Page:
We will address this with:

  • Greater monitoring and public reporting on supply chain food waste;
  • Increased accountability and transparency and;
  • The encouragement of businesses to take collective responsibility for food waste occurring throughout their supply chains.

The recently released Food Waste Reduction Roadmap developed by WRAP and the IGD (Institute of Grocery Distribution) suggests that businesses are willing to participate.

We will increase participation and 'cascade' best practice by incorporating food waste reduction and reporting criteria into existing accreditation standards and qualifications. This will embed food loss and food waste considerations into business models.

We will support the business sector with:

  • Continued engagement with C2025 and the Food Waste Roadmap development to promote increasingly consistent, transparent, and Scottish-specific reporting ('target, measure, act').
  • Developing, testing and promoting the use of the most cost-effective measuring and monitoring tools for businesses of all sizes.
  • Integrating food waste into existing environmental and sustainability accreditation schemes or establishing requirements for new schemes.
  • Working with industry leaders, through sector-specific forums, to offer support and advice to businesses on supply chain food waste 'hotspots'.
  • Gathering and sharing international best practice on food waste reduction measures with the Scottish food sector.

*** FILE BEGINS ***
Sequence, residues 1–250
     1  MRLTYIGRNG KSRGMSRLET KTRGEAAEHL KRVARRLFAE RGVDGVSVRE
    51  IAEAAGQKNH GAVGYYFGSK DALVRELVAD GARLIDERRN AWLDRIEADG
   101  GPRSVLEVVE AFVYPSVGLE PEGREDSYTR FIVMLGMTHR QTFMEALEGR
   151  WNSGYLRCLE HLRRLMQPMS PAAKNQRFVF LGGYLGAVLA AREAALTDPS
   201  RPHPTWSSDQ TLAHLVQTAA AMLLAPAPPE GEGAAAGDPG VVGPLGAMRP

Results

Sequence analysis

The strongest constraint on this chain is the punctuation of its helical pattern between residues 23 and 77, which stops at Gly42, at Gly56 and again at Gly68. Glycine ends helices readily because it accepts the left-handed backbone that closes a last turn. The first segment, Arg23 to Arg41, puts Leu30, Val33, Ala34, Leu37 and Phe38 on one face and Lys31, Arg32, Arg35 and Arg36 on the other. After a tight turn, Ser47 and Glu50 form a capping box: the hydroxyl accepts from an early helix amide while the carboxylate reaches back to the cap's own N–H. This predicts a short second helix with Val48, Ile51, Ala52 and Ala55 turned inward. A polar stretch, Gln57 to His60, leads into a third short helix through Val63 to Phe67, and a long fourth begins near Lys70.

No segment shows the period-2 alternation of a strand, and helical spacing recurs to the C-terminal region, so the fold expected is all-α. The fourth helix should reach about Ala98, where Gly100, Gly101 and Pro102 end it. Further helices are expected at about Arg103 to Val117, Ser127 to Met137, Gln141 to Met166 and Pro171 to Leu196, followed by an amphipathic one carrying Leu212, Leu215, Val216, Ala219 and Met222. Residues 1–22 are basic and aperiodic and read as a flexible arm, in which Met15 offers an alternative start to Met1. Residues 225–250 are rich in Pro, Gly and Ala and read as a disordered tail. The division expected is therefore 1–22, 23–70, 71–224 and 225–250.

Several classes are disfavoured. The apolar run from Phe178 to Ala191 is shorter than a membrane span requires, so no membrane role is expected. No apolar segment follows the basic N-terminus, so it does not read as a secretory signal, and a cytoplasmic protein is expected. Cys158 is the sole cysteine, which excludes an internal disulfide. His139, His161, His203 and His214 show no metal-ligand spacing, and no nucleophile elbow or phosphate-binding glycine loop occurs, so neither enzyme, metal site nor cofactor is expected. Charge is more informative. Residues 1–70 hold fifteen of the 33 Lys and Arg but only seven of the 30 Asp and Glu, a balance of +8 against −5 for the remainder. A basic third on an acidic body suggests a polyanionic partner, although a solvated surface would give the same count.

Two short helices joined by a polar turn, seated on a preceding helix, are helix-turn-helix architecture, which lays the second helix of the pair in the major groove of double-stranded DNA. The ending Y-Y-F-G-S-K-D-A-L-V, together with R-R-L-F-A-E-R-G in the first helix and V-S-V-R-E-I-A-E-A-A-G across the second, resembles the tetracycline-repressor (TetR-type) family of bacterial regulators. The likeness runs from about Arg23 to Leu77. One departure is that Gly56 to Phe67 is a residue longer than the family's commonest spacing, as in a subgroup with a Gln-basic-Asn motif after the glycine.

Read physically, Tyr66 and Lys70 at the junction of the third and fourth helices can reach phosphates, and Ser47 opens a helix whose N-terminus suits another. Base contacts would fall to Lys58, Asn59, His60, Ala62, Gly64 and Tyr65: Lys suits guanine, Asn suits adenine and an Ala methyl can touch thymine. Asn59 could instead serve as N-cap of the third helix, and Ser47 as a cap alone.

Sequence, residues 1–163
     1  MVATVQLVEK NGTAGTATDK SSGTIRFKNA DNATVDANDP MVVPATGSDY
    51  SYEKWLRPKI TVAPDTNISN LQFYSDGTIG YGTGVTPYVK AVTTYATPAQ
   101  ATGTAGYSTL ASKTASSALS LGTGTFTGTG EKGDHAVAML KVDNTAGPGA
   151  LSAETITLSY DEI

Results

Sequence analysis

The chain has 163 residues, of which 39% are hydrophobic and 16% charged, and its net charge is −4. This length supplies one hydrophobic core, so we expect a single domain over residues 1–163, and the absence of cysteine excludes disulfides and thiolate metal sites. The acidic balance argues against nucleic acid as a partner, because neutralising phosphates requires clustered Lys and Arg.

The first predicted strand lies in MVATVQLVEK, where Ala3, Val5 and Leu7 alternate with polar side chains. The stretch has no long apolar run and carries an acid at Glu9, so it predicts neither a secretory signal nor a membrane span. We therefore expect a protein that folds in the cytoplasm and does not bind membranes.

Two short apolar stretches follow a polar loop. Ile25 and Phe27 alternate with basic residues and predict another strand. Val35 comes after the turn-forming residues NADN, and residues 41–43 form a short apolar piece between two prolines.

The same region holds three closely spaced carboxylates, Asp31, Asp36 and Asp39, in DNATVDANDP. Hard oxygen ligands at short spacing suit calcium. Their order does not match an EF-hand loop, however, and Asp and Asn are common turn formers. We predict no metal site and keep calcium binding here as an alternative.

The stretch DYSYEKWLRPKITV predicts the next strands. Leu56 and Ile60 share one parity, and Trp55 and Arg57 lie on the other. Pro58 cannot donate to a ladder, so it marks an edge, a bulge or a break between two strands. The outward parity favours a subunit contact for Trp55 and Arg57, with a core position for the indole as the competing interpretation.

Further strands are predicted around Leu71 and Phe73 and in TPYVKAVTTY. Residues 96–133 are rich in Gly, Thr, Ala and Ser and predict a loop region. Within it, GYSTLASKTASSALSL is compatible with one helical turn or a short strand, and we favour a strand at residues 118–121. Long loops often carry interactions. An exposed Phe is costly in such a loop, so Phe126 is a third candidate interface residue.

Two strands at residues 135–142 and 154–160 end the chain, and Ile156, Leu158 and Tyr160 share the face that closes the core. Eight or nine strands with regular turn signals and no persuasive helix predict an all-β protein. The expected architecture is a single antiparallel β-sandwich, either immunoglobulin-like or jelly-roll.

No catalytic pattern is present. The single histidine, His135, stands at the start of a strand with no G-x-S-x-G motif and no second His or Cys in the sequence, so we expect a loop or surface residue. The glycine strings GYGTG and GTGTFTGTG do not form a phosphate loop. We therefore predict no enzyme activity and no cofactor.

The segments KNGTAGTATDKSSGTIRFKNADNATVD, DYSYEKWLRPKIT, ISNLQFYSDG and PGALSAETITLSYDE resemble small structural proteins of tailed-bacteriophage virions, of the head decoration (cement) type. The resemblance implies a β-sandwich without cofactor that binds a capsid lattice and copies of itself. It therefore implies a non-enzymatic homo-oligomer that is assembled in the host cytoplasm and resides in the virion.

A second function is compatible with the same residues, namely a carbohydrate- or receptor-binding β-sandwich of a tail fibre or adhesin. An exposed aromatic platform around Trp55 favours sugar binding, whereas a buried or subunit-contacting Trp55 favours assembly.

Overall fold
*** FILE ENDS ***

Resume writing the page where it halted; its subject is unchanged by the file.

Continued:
Hospitality sector

The Hospitality & Catering sector is very diverse, and it is difficult to offer food waste solutions when it is challenging to even quantify the volume of waste that this sector produces.

A recent analysis from Champions 12.3 found that half of the 1,200 businesses reviewed saw at least a 14-fold return on their investment in food loss and waste reduction efforts. There is a need to work with the hospitality industry on such elements as business models, portion sizing, and leftovers and also with consumers regarding their dining and ordering behaviour.

Our work will address sub-sectors such as: hotels, restaurants, quick service restaurants, food-to-go specialists, coffee specialists and takeaways and will develop targeted and practical best practice guidance. We will prioritise our work with sub-sectors according to their potential to reduce food waste and their capacity to adapt.

We will support the Hospitality and Catering sector by:

  • Providing dedicated resources and a sector champion to build on and expand engagement and facilitation across this priority sector.
  • Identifying and demonstrating the value of reducing food waste to the sector through the expansion of business advice and support services.
  • Developing activities with sector stakeholders and suppliers to engage with multiple businesses (i.e. their membership or customers).
  • Developing best practice guidance for prioritised sub-sectors.
  • Integrating food waste awareness and management into hospitality training; in further education and in Continuous Professional Development.